Tottenham Hotspur were set for phase two of their squad rebuild this summer.
Having spent big in 2019 to bring in Tanguy Ndombele, Giovani Lo Celso and Ryan Sessegnon, they now need to make huge improvements on poor defence.
Spurs are hugely unbalanced with their backline now aging rapidly, inexperienced or, in some cases, just error prone.
Danny Rose and Jan Vertonghen look set to leave, while Toby Alderweireld was handed a new contract suggesting he will form part of the defensive unit next term.
Davinson Sanchez has yet to kick on since signing from Ajax, Juan Foyth is seemingly out of favour, while Ben Davies appears to be loved by Jose Mourinho but many supporters doubt his ability to star in a team competing for a place in the top four.
And then there is Serge Aurier, the biggest conundrum of all.
The Ivorian has actually had a good 2019/20 season, one of the Premier League’s better performing right-backs.
Six assists in domestic and Champions League action is certainly impressive, while he’s also averaging 3.5 tackles per game in the English top flight and 1.7 interceptions.
He’s undoubtedly producing some fine numbers but he also has the propensity to drop a clanger. His errors against Liverpool and Chelsea cost Tottenham dearly this campaign, while a red card against Southampton left them to struggle for 60 minutes with 10 men prior to their 7-2 European hammering at the hands of Bayern Munich.
Jose Mourinho must decide whether he is willing to sacrifice good attacking output for a more solid and unspectacular proposition at right-back.
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Since the arrival of Trent Alexander-Arnold on the scene, more weight has been given to the belief full-back is now one of the key positions in the modern game.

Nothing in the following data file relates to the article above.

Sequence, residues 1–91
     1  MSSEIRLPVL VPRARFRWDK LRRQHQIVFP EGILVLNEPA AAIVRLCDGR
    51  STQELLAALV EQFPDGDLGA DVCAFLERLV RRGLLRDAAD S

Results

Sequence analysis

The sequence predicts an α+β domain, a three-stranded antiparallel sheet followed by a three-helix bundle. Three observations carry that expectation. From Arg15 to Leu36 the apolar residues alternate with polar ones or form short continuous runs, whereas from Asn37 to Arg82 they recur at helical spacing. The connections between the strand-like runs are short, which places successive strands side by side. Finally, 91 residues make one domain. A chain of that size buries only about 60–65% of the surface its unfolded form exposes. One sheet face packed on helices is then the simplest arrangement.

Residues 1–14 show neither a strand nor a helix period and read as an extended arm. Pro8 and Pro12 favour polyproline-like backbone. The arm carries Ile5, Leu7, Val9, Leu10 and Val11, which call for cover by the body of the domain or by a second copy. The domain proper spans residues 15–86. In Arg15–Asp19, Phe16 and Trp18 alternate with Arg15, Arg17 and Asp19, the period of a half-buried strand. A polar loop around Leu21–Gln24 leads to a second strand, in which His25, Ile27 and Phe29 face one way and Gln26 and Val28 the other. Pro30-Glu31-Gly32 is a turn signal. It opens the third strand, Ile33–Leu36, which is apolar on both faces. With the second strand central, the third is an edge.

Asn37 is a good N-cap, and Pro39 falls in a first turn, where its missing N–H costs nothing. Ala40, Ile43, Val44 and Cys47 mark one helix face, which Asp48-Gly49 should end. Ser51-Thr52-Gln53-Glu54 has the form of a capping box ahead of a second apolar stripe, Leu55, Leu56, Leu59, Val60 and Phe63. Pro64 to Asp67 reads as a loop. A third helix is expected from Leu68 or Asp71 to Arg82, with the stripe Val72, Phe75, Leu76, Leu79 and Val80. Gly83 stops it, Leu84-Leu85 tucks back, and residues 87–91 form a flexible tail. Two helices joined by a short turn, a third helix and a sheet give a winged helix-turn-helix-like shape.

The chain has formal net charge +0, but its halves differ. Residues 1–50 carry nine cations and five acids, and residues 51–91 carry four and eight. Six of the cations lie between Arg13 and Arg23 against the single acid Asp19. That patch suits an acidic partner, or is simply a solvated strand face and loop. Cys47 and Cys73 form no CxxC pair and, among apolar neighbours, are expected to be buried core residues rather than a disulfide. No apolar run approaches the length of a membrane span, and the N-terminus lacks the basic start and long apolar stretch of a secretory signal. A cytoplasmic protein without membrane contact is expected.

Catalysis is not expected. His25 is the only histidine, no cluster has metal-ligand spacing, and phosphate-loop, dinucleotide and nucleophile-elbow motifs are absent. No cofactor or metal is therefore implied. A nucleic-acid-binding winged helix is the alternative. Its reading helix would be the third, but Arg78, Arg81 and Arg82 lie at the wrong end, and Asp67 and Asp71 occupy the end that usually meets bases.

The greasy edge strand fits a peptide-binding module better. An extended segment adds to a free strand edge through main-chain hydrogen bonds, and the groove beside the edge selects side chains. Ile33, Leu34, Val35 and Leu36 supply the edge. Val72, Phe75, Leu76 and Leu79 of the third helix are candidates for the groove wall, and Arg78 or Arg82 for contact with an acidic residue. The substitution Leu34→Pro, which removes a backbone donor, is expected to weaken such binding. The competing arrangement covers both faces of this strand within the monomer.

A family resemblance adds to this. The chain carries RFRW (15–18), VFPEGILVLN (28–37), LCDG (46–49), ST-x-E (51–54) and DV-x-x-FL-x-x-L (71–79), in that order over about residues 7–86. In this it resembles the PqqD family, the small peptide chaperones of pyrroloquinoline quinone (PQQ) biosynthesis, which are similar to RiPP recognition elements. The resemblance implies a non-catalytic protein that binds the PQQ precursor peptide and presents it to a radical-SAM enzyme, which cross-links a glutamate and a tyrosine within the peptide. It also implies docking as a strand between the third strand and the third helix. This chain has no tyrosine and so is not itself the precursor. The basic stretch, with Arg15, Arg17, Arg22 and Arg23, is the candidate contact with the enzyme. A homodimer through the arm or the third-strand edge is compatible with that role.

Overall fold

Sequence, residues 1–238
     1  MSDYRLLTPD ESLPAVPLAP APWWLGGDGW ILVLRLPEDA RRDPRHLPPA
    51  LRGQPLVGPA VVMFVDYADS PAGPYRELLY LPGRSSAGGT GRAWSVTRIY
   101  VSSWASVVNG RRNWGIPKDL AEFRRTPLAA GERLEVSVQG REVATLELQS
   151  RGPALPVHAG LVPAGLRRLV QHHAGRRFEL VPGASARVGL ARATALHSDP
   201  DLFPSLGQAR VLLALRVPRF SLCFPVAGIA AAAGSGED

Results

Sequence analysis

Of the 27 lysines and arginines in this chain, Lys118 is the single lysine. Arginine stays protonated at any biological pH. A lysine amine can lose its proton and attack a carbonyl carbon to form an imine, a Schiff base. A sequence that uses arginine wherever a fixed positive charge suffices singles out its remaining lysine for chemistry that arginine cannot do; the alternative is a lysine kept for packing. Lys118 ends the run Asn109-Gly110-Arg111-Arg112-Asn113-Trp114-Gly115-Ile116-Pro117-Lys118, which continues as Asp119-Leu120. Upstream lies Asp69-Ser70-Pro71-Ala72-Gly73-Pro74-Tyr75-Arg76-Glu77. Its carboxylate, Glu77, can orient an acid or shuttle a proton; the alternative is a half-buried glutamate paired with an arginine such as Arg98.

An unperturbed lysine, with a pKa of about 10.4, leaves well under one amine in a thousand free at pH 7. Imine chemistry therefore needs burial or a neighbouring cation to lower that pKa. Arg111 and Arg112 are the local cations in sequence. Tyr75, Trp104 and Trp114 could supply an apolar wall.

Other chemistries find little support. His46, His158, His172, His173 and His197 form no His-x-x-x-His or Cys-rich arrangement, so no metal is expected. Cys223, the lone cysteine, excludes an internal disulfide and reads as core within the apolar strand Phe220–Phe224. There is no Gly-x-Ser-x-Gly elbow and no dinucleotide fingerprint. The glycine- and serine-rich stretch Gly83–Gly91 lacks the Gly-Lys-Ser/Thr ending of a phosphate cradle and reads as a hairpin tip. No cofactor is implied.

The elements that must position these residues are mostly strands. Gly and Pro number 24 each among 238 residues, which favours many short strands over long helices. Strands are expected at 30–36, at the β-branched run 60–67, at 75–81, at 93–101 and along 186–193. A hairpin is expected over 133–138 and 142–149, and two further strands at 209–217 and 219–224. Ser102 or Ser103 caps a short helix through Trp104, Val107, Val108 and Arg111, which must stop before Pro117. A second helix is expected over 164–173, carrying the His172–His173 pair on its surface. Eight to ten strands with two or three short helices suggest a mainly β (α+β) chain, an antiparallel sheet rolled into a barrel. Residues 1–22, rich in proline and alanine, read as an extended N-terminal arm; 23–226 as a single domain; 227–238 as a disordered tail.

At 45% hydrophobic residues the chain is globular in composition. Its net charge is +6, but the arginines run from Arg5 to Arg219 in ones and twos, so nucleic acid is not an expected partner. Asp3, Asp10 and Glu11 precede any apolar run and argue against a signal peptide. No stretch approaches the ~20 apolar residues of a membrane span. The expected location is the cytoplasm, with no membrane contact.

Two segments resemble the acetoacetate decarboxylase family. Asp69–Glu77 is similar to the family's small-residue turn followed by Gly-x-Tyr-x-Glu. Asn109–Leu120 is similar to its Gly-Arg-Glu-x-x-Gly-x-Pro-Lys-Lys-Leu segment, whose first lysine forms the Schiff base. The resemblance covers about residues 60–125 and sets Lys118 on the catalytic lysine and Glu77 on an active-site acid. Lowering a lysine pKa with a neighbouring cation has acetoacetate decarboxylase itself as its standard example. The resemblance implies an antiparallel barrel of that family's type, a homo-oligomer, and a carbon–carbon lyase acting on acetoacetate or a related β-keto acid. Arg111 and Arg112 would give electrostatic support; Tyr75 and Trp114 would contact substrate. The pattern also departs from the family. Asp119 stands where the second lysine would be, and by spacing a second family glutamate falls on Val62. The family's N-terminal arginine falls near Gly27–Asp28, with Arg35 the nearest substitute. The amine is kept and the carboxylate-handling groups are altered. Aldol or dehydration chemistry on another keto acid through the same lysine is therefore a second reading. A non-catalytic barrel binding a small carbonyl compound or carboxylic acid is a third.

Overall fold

The problem is, there are so many varying styles in the role. Even at Liverpool Alexander-Arnold and Andrew Robertson are actually quite different in their skillsets.
Meanwhile, there aren’t actually a huge amount of ‘elite’ quality players there either, with Achraf Hakimi, Ricardo Pereira, and Aaron Wan-Bissaka currently showing the range of approach from modern full-backs.
Paris Saint-German and Belgium star Thomas Meunier has been linked with Spurs on a free transfer, although it’s been claimed a deal is now ‘unlikely’.
The interest, though, may tell us a little about what a replacement for Aurier may look like under Mourinho.
Using data from Smarterscout, who grade attributes out of 100, the signing of Meunier would see Spurs get a player better at recovering the ball and linking play with teammates in the middle third of the pitch.
The Belgian currently defends less than Aurier right now, but the quality of his defensive actions are better. He does though, produce less in the final section of the pitch but, when you have Kylian Mbappe, Mauro Icardi, Angel di Maria, and Neymar ahead of you, it’s not really needed.
But, with Meunier now possibly off the table for Tottenham, who might they be looking at to replace the Ivorian when football gets back under way?